How some rich parents 'cheat' to cut kids' college bill

Parents in the Chicago area are reportedly giving up guardianship of their teenagers in order to help them pay for college, according to new reports.

The practice is allowing students who are applying for college to declare themselves financially independent and therefore eligible for more scholarships and financial aid, reports from the Wall Street Journal and ProPublica found.

According to the Journal, there were 38 cases in 2018 where parents transferred legal guardianship of their teens -- either juniors or seniors in high school -- to a friend, another relative or a co-worker in Lake County, Illinois.

Some of those families lived in homes valued at more than $1 million, while most lived in homes valued around $500,000, the Journal reported.

“Our financial-aid resources are limited and the practice of wealthy parents transferring the guardianship of their children to qualify for need-based financial aid—or so-called opportunity hoarding—takes away resources from middle- and low-income students,” Andrew Borst, director of undergraduate enrollment at the University of Illinois told the Journal. “This is legal, but we question the ethics.”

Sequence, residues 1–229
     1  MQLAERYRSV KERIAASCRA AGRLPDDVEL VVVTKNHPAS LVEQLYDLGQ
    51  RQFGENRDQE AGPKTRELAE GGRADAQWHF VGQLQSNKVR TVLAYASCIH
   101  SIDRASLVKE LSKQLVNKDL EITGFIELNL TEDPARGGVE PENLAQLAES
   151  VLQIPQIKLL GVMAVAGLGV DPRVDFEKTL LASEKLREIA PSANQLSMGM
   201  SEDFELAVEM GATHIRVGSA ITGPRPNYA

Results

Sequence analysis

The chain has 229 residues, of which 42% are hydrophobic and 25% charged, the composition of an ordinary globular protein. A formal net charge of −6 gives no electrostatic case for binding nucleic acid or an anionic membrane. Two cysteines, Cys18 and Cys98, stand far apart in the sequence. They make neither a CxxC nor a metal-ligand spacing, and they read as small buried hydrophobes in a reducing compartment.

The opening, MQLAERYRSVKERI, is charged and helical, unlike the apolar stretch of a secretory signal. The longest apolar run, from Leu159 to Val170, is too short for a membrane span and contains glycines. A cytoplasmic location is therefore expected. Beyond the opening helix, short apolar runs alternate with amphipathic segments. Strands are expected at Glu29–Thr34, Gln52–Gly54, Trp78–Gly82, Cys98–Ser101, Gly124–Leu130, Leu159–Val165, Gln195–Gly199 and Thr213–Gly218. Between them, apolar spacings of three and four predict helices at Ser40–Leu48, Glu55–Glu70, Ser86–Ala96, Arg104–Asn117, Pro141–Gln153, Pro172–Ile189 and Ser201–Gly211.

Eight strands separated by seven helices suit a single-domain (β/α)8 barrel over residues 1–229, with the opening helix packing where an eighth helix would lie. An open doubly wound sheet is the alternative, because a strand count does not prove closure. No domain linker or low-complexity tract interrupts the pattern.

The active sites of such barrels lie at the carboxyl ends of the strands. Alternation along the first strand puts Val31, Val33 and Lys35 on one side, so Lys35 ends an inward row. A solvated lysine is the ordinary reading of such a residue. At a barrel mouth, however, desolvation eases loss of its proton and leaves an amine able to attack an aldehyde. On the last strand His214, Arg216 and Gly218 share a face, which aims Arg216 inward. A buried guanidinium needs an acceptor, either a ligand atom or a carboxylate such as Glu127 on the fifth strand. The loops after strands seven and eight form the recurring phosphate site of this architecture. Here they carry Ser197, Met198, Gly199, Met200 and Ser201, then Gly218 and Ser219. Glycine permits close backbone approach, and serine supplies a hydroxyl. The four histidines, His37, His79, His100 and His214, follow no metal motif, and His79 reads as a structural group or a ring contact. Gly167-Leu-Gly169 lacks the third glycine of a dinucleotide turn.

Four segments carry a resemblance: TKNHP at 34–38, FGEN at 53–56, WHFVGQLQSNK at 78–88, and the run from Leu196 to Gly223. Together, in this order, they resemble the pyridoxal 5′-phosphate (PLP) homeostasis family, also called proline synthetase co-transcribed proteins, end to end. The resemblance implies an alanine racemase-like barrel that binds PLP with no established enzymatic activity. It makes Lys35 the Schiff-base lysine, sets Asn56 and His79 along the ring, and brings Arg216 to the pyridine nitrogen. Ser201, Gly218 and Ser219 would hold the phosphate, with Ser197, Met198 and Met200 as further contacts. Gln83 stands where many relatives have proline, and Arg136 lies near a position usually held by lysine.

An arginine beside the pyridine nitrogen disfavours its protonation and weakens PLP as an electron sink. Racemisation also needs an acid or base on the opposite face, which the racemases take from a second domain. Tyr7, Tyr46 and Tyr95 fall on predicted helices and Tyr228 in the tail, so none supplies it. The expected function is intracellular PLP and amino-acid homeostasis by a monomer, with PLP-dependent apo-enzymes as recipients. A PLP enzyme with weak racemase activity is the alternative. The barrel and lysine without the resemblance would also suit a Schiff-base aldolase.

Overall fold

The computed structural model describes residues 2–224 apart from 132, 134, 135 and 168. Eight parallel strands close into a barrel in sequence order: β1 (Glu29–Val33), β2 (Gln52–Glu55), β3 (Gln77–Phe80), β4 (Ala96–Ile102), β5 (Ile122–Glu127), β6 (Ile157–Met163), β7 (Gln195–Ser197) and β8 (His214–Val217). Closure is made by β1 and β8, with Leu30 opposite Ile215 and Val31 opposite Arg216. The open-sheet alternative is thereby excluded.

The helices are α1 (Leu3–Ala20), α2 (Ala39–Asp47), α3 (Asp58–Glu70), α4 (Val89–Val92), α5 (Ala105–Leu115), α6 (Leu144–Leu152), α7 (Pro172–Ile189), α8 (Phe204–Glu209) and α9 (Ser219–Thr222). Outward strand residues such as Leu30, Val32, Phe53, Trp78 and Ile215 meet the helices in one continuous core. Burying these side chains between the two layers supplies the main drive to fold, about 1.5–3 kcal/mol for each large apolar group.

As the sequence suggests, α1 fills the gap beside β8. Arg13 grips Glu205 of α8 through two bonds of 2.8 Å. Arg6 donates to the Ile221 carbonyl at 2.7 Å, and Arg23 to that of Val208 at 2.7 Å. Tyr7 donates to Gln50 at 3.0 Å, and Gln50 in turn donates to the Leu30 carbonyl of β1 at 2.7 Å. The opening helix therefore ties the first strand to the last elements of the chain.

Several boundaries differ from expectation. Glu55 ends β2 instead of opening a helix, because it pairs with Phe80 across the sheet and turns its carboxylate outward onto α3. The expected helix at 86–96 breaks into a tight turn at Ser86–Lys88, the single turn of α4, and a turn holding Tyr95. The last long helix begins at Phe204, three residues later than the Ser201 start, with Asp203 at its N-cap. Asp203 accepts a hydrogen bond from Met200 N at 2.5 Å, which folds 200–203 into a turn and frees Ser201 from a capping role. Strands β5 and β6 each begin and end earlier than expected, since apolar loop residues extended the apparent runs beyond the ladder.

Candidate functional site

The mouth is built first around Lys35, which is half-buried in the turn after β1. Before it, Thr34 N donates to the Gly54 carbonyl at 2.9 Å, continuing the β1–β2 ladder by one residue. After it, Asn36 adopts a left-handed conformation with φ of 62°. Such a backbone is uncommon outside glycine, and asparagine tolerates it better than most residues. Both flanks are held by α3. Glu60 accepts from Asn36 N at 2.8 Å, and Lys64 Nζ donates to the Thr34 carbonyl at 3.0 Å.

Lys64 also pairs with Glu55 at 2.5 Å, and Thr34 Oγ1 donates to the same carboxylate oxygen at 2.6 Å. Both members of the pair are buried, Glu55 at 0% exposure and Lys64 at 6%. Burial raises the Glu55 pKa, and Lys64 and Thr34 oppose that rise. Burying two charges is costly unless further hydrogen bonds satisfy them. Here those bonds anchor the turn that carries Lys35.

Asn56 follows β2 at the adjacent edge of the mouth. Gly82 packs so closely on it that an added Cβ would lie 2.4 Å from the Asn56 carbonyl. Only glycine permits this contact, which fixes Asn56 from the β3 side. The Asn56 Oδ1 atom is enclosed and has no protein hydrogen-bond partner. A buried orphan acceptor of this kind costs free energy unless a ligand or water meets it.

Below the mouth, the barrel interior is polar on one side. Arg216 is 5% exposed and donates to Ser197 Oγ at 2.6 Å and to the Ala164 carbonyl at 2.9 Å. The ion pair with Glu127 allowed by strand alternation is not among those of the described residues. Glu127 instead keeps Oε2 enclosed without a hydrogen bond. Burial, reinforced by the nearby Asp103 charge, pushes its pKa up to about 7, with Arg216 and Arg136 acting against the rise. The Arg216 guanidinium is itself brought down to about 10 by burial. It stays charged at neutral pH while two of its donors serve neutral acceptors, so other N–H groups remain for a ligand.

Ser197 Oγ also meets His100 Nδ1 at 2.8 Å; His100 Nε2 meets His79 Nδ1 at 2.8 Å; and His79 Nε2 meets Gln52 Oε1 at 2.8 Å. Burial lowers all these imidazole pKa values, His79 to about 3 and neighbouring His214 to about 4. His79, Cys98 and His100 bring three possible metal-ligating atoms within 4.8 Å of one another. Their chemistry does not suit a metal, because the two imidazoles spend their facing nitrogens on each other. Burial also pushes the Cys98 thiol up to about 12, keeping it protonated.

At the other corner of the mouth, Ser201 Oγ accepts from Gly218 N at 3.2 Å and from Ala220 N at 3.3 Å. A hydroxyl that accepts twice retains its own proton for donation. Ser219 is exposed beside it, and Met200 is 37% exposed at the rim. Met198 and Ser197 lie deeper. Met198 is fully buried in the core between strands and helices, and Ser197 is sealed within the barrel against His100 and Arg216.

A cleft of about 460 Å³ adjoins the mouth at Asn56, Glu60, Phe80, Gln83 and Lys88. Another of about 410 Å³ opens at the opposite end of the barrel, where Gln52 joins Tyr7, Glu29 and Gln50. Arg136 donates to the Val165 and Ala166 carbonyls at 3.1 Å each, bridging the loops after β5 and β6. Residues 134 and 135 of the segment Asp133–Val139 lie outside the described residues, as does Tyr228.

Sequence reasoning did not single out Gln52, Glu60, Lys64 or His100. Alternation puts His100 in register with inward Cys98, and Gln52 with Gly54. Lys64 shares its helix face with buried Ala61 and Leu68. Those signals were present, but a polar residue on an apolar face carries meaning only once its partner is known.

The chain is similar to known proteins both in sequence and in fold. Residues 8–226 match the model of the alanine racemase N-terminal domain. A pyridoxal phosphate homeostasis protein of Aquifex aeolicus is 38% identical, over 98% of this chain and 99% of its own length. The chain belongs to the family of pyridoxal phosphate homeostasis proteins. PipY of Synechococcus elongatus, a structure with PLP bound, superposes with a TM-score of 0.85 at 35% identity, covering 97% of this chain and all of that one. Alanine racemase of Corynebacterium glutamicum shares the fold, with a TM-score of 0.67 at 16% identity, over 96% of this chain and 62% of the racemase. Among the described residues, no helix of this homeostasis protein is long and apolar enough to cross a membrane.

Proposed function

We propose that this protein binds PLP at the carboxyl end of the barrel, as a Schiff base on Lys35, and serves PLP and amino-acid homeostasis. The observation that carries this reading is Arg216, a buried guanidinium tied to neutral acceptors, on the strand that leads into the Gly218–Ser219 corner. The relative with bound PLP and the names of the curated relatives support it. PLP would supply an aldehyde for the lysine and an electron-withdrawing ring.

Borst told ProPublica that the University of Illinois discovered three enrolled students -- and 12 applicants -- who had used guardianship transfer to receive more financial aid.

Large group of happy college students celebrating their graduation day outdoors while throwing their caps up in the air (iStock)

The three students -- who reportedly just finished their freshman year -- had their university-based financial aid reduced in the middle of the year, ProPublica reported.

“We didn’t hear any complaint, and that is also a big red flag,” Borst told ProPublica. “If they were needy, they would have come in to talk with us.”

However, one attorney from Chicago firm Kabbe Law Group, who has represented families that have transferred guardianship, told the Journal that the transfers are in the best interest of the students.

“The guardianship law was written very broadly,” Mari Berlin told the Journal. “Judges were given an immense amount of discretion. The standard is, best interest of the child, and I think it’s hard to argue that this is not in the student’s best interest.”


The Education Department started an investigation after the University of Illinois notified the agency of the practice. The department could change some language in the Federal Student Aid handbook that would guard against wealthy families taking advantage of the practice, according to the Journal.